5. Aron Lee Ralston, 2003.
Perhaps you have seen the movie, 127 Hours starring James Franco as Ralston (2010) that chronicles the tale of survival endured by this American outdoorsman and mountain climber. While canyoneering in Blue John Canyon in Utah, he became stuck in the rocks when a boulder became loose, crushing his left hand and trapping his right hand while the unfortunate climber was climbing down the canyon. Having told no one of his whereabouts, Aron knew he was not likely to be found, but could not free his hand. After 5 days of praying for salvation, Aron knew he would die soon if not freed from the crushing rock. Having only a few sips of water and a few bites of food (2 burritos), he started to become delirious with pain and dehydration. Aron made the terrible decision to amputate his own right hand, and began thinking out a plan to do so without killing himself. Drinking his own urine (mad with thirst) and videotaping his “goodbyes” to his family and friends, Aron broke both his ulna and radius of his right arm by twisting his body to break the bones he assumed he would not be able to cut through. Using his cheap multi-tool with a dull 2 inch blade, he proceeded to cut his hand off by amputating his arm at the forearm after 127 hours of imprisonment by the boulder. With a tourniquet on his right forearm, Aron still had to descend 65 feet of sheer rock face and began the 8 mile hike to his car. Before he reached his car, Aron was found by a Dutch family and rescued. Of course, such an incredible tale of courage and survival made Aron a celebrity, and when his severed hand and forearm were recovered by Park personnel, Aron had the arm cremated and scattered the ashes around Canyonlands National Park (where the incident took place) on film for the Dateline television show. Aron, born in Marion, Ohio, was 27 years old at the time of his ordeal, and continues to climb and enjoy the outdoors, while also enjoying his celebrity and appearing on various television shows. He also makes motivational speeches and wrote an autobiography, Between a Rock and a Hard Place.
6. Alexander Selkirk, 1704-1709.
A Scots privateer, Selkirk was marooned on a desert isle by his ship’s captain after the 2 men had a falling out. Selkirk would spend the next 5 years alone on this uninhabited island in the South Pacific, later becoming the inspiration for Daniel Defoe’s title character, Robinson Crusoe. Selkirk had complained about the seaworthiness of their ship, and stated he would rather stay on the uninhabited island where the crew was gathering water than sail on the leaky ship. The captain was glad to oust the quarrelsome Selkirk, and giving him a knife, an axe, a musket, a pot, a Bible, and a little bedding and clothes, left Selkirk to what would become a long, solitary ordeal. Selkirk had tried to express a change of mind prior to his ship sailing off without him, but the captain refused to reconsider. Selkirk’s former ship, the Cinque Ports, did indeed founder some time later, though some of the crew was rescued and taken captive by the Spanish. During his time alone, Selkirk quickly ran out of powder and shot, and was reduced to chasing feral goats on foot to survive. He built a pair of huts, and read his Bible daily. Twice during his time as King and only occupant of the island, Spanish ships landed to gather water and other materials, but Selkirk hid from them to avoid capture. He was finally rescued when British privateers Duke and Duchess landed on the island to re-provision. Selkirk was virtually incoherent with joy at being rescued, and returned to Britain to a normal life. Joining the Royal Navy, getting married, and dying of Yellow Fever while on a voyage off the West coast of Africa all ensued, as did several literary accounts of his travails, ultimately including the fictional Robinson Crusoe (1719).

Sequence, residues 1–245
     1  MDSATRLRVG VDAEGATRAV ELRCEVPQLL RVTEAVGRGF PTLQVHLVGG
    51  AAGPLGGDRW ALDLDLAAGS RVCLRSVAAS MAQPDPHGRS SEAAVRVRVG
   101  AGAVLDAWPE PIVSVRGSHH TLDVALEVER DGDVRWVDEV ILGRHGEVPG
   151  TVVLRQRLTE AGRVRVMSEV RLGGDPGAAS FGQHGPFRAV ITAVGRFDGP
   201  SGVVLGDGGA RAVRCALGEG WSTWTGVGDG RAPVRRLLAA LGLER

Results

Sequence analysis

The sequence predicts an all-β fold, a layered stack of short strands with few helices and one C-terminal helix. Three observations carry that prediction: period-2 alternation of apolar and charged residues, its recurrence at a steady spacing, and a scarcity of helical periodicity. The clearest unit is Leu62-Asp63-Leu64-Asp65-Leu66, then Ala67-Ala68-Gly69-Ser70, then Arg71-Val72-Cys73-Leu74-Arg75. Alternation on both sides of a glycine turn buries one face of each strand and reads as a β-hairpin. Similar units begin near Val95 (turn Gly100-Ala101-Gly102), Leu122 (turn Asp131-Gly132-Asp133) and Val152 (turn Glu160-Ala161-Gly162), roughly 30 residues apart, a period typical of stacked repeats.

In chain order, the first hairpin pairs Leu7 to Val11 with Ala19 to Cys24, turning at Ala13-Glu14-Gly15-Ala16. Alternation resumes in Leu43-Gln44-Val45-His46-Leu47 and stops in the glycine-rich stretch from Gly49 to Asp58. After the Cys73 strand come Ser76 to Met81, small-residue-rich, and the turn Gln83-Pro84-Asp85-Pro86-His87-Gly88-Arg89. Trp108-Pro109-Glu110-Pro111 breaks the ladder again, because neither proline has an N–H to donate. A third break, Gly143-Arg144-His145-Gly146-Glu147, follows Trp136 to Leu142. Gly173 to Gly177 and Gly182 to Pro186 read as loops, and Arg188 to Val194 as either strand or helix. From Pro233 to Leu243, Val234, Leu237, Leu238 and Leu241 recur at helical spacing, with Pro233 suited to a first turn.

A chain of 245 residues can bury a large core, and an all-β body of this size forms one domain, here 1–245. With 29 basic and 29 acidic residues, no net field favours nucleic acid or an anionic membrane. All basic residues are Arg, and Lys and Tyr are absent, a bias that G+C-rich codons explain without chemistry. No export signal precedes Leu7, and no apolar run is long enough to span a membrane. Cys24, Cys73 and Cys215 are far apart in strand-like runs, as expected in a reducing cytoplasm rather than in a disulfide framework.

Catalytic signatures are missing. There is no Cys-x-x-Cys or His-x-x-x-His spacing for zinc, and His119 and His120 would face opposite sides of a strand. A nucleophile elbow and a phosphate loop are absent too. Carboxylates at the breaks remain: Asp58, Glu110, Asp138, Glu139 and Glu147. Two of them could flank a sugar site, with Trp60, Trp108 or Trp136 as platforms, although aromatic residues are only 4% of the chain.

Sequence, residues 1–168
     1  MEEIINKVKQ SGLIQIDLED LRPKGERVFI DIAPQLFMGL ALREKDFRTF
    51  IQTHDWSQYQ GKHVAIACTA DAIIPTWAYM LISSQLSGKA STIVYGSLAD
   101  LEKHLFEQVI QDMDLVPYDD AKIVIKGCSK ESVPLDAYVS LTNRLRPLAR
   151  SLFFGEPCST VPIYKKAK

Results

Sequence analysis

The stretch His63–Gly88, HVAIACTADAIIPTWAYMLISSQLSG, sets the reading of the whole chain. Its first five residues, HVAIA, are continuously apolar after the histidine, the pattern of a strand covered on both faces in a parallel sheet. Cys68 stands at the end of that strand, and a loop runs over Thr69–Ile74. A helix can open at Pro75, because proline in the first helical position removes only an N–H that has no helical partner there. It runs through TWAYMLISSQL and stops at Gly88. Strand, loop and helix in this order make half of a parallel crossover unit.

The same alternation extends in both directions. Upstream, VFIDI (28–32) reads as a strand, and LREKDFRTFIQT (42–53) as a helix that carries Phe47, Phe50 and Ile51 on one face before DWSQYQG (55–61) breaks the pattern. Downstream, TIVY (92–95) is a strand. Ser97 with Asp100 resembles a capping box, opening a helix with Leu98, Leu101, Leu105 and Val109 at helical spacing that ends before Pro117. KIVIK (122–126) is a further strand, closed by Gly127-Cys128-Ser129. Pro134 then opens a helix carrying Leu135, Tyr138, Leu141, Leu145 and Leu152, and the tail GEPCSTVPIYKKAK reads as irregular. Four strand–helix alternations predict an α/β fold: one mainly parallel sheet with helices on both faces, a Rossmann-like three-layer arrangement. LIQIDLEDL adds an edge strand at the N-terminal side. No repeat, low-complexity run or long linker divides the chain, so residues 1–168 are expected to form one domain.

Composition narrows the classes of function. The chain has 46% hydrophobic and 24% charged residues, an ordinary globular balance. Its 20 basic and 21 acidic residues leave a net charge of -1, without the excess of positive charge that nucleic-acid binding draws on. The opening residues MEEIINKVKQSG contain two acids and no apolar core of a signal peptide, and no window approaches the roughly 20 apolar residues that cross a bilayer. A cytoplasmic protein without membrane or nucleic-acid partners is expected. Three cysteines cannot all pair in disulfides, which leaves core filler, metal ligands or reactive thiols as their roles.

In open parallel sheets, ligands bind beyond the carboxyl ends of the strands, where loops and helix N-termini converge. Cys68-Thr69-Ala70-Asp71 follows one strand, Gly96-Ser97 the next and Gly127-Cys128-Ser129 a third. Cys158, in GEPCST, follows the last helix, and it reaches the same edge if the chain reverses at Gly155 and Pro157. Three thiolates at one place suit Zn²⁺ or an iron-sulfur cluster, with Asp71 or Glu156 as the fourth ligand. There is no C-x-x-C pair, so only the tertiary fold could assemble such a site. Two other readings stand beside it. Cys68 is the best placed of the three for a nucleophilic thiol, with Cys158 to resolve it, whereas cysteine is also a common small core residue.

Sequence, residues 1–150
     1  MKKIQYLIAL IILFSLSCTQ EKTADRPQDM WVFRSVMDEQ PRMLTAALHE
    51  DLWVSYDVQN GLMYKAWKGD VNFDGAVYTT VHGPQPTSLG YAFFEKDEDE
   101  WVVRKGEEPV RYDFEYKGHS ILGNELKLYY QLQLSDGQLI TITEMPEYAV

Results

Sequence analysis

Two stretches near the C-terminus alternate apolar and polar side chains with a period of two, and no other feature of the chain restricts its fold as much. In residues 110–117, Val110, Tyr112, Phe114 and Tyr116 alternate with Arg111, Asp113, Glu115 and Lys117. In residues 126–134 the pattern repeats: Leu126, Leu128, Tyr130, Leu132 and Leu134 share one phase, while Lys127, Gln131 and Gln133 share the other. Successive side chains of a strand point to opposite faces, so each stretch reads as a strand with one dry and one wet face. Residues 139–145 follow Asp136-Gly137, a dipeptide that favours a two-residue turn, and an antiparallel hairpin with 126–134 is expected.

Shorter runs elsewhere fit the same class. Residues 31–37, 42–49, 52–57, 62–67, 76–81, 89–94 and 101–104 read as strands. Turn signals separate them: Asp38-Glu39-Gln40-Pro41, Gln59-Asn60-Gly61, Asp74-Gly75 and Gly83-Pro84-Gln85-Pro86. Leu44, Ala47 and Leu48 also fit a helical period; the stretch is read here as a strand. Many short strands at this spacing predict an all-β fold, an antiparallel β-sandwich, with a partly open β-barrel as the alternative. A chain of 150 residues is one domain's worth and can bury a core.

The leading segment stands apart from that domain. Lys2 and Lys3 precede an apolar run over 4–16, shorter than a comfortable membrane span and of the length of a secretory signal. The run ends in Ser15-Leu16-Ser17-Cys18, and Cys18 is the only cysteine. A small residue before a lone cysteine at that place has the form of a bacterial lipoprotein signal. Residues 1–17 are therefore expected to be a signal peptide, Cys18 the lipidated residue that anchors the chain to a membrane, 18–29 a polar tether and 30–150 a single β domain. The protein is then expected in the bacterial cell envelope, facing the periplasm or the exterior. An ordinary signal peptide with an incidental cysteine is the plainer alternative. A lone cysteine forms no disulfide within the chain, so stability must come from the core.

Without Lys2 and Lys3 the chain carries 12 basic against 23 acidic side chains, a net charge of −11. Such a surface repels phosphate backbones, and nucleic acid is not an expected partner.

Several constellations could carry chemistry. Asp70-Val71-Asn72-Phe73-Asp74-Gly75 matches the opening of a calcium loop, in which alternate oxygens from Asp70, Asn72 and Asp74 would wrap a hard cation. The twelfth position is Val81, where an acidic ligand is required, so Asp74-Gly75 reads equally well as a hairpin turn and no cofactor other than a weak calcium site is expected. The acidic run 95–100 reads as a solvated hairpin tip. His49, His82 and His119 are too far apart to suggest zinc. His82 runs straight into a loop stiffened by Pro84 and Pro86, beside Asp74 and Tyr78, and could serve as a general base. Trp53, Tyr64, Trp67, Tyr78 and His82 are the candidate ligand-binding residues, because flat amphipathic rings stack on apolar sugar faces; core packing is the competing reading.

7. Nicholas Alkemade, 1944.
A flight sergeant on a British Lancaster bomber during World War II, Nick was a tail gunner in a plane shot down by a German Ju-88 night fighter. As his plane burned and spun out of control, Nick made the sad choice of leaping from the stricken bomber without his parachute, which was being consumed in the fire. Fear of burning has caused many aviators to jump out of planes to a death they see as preferable to fire, but in this case Nick survived the 18,000 foot fall without a parachute suffering only a sprained leg! His fall had been softened by falling through pine branches and landing in deep snow. Captured by the Germans, Alkemade was interrogated by the Gestapo who were skeptical of his story. A little research into his tale revealed it to be true, and Nick became somewhat of a celebrity POW. He died in 1987, having cheated Death for 43 years. (Alkemade is one of a few World War II aviators to have survived falls without a parachute that defy belief.)
8. Juliane Koepcke, 1971.